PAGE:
Here is the chain of custody that I've been able to construct based on the fragments of information I get from people:

1. Southeastern Physician Services supposedly rendered the services.

2. It was "sold" to Healthcare Revenue Recovery Group (HRRG), a closely affiliated group. I think "sold" is being used liberally here.

3. HRRG "sold" it to Revenue Recovery Corporation (RRC).

4. RRC was bought out by Wakefield and Associates.

5. Wakefield and Associates transferred it to their internal "legal department," whatever that means.

6. Southeastern Physician Services, the OC, filed suit, years later, using an attorney from Wakefield and Associates. Or rather, Wakefield and Associates filed suit "on their behalf," which is how the last agent phrased it. The affidavit on sworn account was signed by an employee of Wakefield and Associates.


My main questions:

1. Is it legal to pose as an original creditor in this way? It seems wrong, but I can't find any rules or cases concerning it, and I don't have hard evidence that the debt was sold, just hearsay from the previous owners. The firm keeps saying vague things like "we're representing this account," like the account itself is the plaintiff.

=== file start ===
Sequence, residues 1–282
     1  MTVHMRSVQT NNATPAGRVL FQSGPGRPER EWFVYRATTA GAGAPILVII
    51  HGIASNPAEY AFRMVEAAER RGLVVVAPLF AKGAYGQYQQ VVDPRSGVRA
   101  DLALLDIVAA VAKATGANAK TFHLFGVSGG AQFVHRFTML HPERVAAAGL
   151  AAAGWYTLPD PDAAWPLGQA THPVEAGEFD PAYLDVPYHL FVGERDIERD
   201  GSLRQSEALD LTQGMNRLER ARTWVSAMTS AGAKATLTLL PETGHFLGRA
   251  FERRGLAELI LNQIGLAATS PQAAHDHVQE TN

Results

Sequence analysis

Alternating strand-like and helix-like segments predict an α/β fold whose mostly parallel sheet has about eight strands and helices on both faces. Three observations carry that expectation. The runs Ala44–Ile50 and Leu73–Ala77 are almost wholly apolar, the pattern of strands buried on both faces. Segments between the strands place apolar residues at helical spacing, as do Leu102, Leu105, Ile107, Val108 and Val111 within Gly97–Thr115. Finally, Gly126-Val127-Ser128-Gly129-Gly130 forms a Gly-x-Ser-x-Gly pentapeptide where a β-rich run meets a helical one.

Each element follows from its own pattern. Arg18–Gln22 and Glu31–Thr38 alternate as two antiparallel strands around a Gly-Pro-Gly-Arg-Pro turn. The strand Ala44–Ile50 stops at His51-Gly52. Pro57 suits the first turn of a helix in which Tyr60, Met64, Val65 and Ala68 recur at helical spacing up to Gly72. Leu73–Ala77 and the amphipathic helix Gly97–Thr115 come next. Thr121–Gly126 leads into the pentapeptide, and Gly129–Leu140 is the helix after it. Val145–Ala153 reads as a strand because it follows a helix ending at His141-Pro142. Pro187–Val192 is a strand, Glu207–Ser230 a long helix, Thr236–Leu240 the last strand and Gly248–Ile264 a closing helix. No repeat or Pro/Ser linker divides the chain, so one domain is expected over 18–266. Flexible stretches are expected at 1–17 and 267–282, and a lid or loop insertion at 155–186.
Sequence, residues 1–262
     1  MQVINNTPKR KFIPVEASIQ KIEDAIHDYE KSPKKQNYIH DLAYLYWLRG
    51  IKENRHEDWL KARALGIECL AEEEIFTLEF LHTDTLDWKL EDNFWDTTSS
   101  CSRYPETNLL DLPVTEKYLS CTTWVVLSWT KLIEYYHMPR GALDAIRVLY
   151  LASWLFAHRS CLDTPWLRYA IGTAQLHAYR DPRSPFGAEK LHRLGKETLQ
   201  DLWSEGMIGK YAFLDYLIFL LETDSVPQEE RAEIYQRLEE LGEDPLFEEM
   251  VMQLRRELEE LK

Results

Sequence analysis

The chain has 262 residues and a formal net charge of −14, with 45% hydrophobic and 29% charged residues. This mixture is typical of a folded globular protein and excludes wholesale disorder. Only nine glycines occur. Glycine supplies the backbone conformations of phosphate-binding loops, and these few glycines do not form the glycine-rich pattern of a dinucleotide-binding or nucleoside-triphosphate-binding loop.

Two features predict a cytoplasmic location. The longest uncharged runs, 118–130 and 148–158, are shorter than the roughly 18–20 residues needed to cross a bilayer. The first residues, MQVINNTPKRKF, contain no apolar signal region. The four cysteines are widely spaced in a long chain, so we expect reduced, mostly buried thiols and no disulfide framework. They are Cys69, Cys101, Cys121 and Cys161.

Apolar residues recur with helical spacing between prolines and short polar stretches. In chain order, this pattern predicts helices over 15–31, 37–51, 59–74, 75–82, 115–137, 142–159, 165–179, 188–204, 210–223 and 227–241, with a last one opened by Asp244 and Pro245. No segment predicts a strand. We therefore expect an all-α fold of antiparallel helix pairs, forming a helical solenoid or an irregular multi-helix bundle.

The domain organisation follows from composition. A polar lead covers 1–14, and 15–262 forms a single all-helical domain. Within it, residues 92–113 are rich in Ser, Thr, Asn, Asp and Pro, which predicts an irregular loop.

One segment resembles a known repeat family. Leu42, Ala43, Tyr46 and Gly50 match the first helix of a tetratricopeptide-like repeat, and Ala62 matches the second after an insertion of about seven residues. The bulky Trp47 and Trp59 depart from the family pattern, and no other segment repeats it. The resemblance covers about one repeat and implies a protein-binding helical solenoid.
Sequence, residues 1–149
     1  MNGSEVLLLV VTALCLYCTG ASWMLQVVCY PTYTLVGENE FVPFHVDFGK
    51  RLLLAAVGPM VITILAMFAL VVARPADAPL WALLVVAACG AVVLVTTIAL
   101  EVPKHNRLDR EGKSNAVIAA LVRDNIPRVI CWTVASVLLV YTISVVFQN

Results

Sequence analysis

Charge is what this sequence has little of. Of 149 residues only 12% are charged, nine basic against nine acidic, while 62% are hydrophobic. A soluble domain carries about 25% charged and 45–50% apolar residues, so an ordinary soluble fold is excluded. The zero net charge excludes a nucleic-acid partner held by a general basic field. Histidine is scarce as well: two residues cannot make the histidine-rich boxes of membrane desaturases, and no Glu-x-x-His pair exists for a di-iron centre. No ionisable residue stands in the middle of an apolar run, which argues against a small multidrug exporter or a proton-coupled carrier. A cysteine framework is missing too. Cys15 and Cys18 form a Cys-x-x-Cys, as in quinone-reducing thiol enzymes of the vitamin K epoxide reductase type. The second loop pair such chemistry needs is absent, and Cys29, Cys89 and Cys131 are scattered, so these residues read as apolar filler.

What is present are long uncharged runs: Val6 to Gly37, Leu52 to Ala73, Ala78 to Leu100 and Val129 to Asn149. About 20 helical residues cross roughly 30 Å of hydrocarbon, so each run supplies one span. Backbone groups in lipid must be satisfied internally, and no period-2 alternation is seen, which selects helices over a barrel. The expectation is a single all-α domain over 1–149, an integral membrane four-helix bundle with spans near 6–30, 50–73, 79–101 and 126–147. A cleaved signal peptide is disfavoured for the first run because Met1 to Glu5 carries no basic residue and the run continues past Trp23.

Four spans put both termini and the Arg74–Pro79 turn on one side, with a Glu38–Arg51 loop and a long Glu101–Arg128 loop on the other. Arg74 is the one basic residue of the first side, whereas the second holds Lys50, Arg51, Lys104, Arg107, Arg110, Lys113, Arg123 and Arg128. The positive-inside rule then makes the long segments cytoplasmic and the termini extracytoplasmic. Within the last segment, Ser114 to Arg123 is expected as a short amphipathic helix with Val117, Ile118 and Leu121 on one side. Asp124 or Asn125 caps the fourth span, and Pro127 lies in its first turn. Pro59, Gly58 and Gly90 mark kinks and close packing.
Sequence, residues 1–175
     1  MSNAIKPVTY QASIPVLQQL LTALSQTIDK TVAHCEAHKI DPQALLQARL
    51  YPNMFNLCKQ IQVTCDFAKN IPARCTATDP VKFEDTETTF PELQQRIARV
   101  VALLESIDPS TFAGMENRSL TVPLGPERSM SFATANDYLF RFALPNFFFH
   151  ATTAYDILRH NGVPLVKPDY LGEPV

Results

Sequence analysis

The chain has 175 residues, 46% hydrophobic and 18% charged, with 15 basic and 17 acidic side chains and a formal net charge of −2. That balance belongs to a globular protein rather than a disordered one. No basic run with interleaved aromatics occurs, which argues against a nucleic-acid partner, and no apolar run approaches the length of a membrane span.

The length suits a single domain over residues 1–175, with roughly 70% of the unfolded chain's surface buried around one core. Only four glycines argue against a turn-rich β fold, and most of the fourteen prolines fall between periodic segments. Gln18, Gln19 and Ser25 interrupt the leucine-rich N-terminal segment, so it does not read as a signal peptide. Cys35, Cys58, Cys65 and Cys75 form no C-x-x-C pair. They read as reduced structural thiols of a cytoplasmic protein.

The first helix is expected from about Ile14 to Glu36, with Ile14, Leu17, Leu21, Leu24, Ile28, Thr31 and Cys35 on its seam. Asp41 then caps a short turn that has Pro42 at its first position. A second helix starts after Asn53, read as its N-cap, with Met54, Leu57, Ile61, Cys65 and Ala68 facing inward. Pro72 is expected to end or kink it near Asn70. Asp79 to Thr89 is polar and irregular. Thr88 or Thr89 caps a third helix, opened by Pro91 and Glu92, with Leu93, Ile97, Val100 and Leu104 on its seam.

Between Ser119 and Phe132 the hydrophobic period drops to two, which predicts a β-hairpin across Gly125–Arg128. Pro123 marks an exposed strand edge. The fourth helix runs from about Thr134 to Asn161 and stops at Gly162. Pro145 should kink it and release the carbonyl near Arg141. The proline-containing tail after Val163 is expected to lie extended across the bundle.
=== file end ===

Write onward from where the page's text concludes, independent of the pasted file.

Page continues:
2. Do I have any real defenses? I don't want to give up the fight, but a judgment on my credit report would be devastating to my family. I don't know if it's worth it anymore.

3. Can you give me any advice on General Sessions Court? I've already had one hearing (I filed a motion to dismiss), and it just seemed so disorganized. I'm honestly terrified now.

fisthardcheese

  • Valued Member
  • Posts: 3840
  • They forced arbitration into your contract. Use it
Re: Sued by law firm posing as creditor. Both denied ownership. (Tennessee)
« Reply #1 on: December 12, 2017 05:56:06 PM »
Immediately call several attorneys that do FDCPA work.  Run this by them and see if you can't just find one that is willing to take your case at no upfront cost to you.

I would also check the date of your medical service and see how that compares to your state Statute of Limitations on debt.
11 Arb Settlements (9 AAA, 2 JAMS)
3 JDB Suits Dismissed With Prejudice (2 pro-se, 1 consumer atty)
3 TCPA Settlements (2 pro-se, 1 consumer atty)
2 FCRA Settlements (consumer atty)
1 FDCPA Settlement (w consumer atty)